Thirty-nine states currently have ready-to-embalm laws, which typically require that all firms selling any type of funeral service (even those specializing in cremations) have embalming preparation rooms and all funeral directors be trained as embalmers. Ready-to-embalm laws are designed to preserve the status-quo in funeral markets, thereby protecting currently licensed funeral directors from the ravages of competition. These laws attempt to preserve funeral markets as they existed in the mid-twentieth century, markets that centered on traditional funerals sold by small, full-service funeral homes. The economic chemicals needed to preserve the status quo are harsh, leading to higher funeral prices and often poorer-quality services. The empirical evidence suggests that these laws reduce the cremation rate, the market share of Internet casket retailers, the penetration of national chains, and the number of funeral directors who are immigrants. They also appear to substantially increase the retail price of direct cremations and the cost of traditional funerals. Commissions in several states have recently recommended repealing ready-to-embalm laws, arguing that they are anticompetitive. The evidence presented in this paper should make their recommendations harder to ignore.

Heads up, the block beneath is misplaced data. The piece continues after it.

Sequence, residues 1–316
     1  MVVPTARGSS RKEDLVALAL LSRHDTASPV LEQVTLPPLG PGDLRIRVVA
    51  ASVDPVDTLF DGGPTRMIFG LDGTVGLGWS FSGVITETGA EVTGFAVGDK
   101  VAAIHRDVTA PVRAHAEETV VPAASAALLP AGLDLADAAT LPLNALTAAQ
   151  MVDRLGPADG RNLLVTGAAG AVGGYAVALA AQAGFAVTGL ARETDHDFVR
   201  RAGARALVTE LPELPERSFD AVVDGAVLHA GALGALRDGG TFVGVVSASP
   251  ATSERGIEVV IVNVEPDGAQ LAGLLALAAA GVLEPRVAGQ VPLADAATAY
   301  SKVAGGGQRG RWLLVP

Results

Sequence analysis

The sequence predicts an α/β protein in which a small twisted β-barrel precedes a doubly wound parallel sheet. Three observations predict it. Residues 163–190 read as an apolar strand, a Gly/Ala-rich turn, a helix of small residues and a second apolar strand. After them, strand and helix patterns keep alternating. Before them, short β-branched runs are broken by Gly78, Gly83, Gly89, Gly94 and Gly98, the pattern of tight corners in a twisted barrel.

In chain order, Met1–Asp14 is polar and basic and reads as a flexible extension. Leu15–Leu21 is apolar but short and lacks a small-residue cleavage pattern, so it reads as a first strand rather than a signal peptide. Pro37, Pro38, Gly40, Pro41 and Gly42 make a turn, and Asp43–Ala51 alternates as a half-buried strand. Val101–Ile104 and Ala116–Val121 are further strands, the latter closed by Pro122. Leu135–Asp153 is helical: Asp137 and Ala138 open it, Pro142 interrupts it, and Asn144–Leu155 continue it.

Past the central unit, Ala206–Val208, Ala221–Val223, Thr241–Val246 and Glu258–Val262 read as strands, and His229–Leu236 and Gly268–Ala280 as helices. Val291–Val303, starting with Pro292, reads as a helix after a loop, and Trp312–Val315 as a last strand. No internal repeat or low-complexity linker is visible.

"Markets: Preserving Funeral Markets with Ready-to-Embalm Laws."
Journal of Economic Perspectives,